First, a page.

There is enough room to plant another 1.2 trillion trees on Earth. If we plant 1.2 trillion trees this could cancel out the last 10 years of CO2 emissions and sequester 160 billion tons of carbon. CO2 has a molecular weight of 44 versus 12 for carbon. So this would be 587 billion tons of CO2. Another study from the journal Science indicates that added trees could store 830 billion tons of CO2.
The additional trees could be cut down in 20 years and the wood stores the CO2 unless they decay or are burned. Another batch of trees could be grown. If a breed of faster growing trees are used then every 12-15 years a batch of a trillion trees would offset all of the CO2 produced by civilization.
Above – Potentially possible tree density: Additional trees in yellow. (image: Crowther Lab / ETH Zurich)
“There is 400 gigatons now, in the 3 trillion trees, and if you were to scale that up by another trillion trees that’s in the order of hundreds of gigatons captured from the atmosphere – at least 10 years of anthropogenic emissions completely wiped out,” Crowther said.
They using machine learning and AI to analyze an enormous data set which allowed the researchers to predict the number of trees that could feasibly be planted in empty patches around the world.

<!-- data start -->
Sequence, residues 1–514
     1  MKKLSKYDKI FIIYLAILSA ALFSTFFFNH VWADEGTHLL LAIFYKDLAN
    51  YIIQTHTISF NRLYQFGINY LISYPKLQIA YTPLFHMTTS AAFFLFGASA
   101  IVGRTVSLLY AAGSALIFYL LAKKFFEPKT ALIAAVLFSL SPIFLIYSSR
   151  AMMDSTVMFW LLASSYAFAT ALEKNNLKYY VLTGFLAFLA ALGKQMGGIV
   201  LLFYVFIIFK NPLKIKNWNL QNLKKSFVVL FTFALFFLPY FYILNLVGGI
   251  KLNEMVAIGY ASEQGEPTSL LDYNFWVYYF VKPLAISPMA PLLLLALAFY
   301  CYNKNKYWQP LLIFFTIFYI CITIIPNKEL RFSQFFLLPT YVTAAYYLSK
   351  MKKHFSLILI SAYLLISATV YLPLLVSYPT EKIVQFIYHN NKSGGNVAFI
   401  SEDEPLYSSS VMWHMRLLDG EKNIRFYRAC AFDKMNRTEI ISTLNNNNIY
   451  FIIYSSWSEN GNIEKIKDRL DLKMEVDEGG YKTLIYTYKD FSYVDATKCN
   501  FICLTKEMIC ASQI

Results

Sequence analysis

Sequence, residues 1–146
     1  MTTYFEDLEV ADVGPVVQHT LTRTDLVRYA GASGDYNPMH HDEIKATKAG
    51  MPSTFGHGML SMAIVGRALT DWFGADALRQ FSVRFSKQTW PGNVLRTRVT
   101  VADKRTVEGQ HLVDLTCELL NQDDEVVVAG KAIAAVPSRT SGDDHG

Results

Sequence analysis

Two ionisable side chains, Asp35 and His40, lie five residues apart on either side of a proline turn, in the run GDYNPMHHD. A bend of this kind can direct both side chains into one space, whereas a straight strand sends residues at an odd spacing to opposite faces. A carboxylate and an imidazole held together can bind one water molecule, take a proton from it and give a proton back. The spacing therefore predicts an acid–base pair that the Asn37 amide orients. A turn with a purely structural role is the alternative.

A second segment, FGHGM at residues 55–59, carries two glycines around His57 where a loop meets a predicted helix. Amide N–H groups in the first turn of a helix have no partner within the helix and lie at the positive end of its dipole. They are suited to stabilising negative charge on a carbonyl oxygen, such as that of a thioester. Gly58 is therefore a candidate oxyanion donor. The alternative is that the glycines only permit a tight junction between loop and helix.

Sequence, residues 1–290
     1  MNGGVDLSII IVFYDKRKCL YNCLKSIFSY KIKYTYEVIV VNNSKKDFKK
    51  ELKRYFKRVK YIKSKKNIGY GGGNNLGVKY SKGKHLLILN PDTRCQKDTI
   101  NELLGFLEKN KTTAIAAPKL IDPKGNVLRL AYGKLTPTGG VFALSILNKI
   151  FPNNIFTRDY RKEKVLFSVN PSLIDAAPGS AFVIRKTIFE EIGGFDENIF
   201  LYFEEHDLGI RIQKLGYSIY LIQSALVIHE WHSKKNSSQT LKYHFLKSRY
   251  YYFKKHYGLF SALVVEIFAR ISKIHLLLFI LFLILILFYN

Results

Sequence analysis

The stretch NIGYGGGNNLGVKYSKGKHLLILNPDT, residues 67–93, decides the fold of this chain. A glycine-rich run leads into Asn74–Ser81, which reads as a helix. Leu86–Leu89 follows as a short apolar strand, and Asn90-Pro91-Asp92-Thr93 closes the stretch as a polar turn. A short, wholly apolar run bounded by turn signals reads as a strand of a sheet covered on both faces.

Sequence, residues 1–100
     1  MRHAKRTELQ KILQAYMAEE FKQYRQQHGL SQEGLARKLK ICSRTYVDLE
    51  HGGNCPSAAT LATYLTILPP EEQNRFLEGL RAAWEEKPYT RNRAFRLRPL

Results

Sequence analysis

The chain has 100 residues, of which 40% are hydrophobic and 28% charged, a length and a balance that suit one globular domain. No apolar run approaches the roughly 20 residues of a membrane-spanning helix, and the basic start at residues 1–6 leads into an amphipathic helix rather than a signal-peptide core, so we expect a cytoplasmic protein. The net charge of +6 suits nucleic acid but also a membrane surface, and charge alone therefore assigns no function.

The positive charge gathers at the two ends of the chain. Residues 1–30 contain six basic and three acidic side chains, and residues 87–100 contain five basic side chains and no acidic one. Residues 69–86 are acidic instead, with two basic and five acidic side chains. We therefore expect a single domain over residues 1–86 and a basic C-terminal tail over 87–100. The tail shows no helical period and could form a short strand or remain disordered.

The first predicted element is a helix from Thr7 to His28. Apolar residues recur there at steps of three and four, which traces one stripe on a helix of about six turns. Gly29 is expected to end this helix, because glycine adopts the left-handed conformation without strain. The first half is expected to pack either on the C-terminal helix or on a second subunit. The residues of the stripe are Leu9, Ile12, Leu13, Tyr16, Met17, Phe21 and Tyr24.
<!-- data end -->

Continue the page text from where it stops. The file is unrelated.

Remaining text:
Additionally, we are now starting to understand an even bigger carbon pool in the soil. As the global temperatures rise and the soil warms, a predicted 55 gigatons of carbon stored in the Earth’s soil could be emitted into the atmosphere – roughly the equivalent carbon emission of the U.S. per year. With no soil restoration activities, like planting cover crops, this will accelerate the rate of climate change by up to 17%.
Researcher Thomas Crowther and team used the largest global dataset of forest inventory data (the Global Forest Biodiversity Initiative), measured by people on the ground in over 1.2 million locations around the world, combined with satellite observations, to get a mechanistic understanding of the global forest system. They use an equivalent database for below-ground ecology (the Global Soil Biodiversity Initiative), with tens of thousands of soil samples that describe the global patterns in the biomass and diversity of the global soil microbiome, paired with satellite data to generate a first glimpse at the billions of below-ground species that determine soil fertility, atmospheric composition and the climate.
Using this combination of above ground and below ground data they can identify regions of high priority for biodiversity conservation. Additionally, we can finally start to understand the feedbacks that determine atmospheric carbon concentrations over the rest of the century. We now understand that, as the soil warms, carbon emissions from the soil will increase, particularly in the high-latitude arctic and sub-arctic regions.
SOURCES – Trillion Tree Campaign, institute für integrative biology – Crowther Lab, youtube
Written By Brian Wang, Nextbigfuture.com